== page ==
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locus of control

I had a whole post planned about how to stick to your new years ‘resolutions’ but it doesn’t seem fitting or right at the moment. I, instead, feel called to write about our country, the people in it, and what I plan to do about what’s going on.

kyoko wrote a lovely post explaining how hate doesn’t have space here and I couldn’t agree more. following the events at the capitol, I found myself texting kyoko and physically searching out anyone in my office I knew held the same beliefs and opinions I did to question, how do we come back from this? while I was still in the shock phase of the events, I felt so helpless and out of control. my mind wandered to ‘if it feels this bad for me, imagine being in a minority group or a person of color watching this unfold’. then my therapist brain kicked in and out came ‘locus of control’. this concept depicts the difference between events that occur outside of our control and independent of our work or effort vs. the events that we do have control over based on our work and efforts.

I quickly realized there are several things happening right now that are out of my control. but if I choose to focus on those things, so many negative emotions will flow over and into me which is not helpful to the end goal of ending systemic racism and hate in my country. so, I must instead focus on the things I CAN control and that’s what this post is about. I wanted to provide some ideas for ways regular ol’ people can change the way they show up to do their part in ending the hate in our country. so here it goes.

doing the work:
  • have conversations with your family and friends that think differently than you. these conversations will (most likely) not be super pleasant, but they don’t have to be hateful and hurtful either.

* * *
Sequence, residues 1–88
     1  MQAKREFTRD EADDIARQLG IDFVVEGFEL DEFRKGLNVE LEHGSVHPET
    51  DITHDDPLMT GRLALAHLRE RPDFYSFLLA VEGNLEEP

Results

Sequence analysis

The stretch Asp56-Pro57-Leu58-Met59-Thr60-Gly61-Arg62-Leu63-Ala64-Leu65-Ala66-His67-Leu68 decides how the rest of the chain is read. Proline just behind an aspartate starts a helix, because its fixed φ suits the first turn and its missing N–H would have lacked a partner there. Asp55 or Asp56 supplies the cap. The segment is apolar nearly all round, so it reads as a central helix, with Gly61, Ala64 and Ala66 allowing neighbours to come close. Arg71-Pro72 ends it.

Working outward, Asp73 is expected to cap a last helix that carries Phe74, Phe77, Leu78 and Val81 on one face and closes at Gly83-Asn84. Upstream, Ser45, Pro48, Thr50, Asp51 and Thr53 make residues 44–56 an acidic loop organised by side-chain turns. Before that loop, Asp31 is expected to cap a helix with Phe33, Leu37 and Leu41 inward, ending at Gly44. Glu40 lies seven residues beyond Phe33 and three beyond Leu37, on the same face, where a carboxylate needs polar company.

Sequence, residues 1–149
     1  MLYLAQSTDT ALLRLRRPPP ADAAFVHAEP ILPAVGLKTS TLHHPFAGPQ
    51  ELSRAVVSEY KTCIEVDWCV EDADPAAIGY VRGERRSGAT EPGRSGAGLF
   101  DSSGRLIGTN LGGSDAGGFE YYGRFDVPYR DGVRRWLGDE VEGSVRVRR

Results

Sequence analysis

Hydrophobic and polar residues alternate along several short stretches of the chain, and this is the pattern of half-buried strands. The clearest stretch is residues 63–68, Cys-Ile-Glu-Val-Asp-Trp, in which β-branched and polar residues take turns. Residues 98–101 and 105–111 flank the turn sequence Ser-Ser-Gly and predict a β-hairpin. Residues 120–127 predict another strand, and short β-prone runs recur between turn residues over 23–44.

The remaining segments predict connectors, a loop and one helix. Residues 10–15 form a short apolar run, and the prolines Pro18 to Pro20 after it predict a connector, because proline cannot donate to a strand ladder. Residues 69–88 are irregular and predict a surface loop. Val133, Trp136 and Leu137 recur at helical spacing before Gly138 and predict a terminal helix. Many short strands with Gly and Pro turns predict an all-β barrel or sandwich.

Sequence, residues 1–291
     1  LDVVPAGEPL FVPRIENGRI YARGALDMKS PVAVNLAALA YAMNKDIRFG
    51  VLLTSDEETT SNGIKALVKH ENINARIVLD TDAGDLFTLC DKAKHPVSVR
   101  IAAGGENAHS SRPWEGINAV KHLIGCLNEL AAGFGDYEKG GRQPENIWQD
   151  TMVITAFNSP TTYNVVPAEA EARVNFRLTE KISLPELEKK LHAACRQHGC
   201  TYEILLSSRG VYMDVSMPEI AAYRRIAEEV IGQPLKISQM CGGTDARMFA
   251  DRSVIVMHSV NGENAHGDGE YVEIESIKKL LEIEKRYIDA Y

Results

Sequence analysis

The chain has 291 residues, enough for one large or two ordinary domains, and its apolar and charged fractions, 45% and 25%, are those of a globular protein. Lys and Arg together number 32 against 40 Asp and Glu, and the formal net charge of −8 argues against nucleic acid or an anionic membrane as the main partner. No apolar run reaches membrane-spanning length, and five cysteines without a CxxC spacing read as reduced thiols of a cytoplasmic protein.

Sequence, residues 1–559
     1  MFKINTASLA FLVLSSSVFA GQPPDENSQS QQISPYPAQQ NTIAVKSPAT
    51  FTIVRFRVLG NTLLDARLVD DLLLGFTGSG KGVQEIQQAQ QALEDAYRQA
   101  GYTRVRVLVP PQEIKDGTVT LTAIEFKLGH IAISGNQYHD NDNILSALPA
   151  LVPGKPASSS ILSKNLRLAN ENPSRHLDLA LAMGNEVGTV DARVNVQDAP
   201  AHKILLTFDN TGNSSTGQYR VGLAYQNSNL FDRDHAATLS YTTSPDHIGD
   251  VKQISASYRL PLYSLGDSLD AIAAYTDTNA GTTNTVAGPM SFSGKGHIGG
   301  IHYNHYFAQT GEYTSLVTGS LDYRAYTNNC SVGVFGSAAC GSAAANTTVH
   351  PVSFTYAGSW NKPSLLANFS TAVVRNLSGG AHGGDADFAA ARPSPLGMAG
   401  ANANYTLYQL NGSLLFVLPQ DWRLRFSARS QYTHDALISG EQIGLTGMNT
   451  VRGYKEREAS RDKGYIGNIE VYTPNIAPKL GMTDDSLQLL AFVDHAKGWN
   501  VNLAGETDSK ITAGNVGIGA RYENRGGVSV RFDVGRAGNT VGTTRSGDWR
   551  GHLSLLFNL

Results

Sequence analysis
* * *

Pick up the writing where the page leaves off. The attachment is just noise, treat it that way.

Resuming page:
• seek out pages on social media that are racially different than you and hear their stories and feelings. then share that information with others.
  • read books! there are sooooo many books available to learn about the history of racism in our country/world. please do yourself a favor and find some and read read read.
  • watch documentaries and movies about the life and struggles with racism in the country and world. again, there are so many options available on streaming services.
  • use your money. if you have resources available to donate to organizations that support what you are trying to do, use that money to help them. if you have a gift you need to purchase, instead of going to amazon, can you find that gift through a black owned business instead? if you don’t have the money to invest, use your voice to share black owned businesses you would love to support when you are able
  • get involved with your local government. I can vividly remember the moment I felt I needed to do more. I started to try to do more at the national level and quickly felt overwhelmed, defeated, helpless. my husband said, why don’t you start small, here in our town our state. so I sought out a local group that works to help impact a broad range of issues, energy, economic justice and voting rights.
  • call it when you see it. if you are ever in a position where you feel injustice is occurring and it is safe for you to speak up, please do. if it is unsafe, use your voice when it’s safe to make an impact.

I hope these tips have been helpful. please check out our Instagram page for more resources and pages we love to follow.

♥- J


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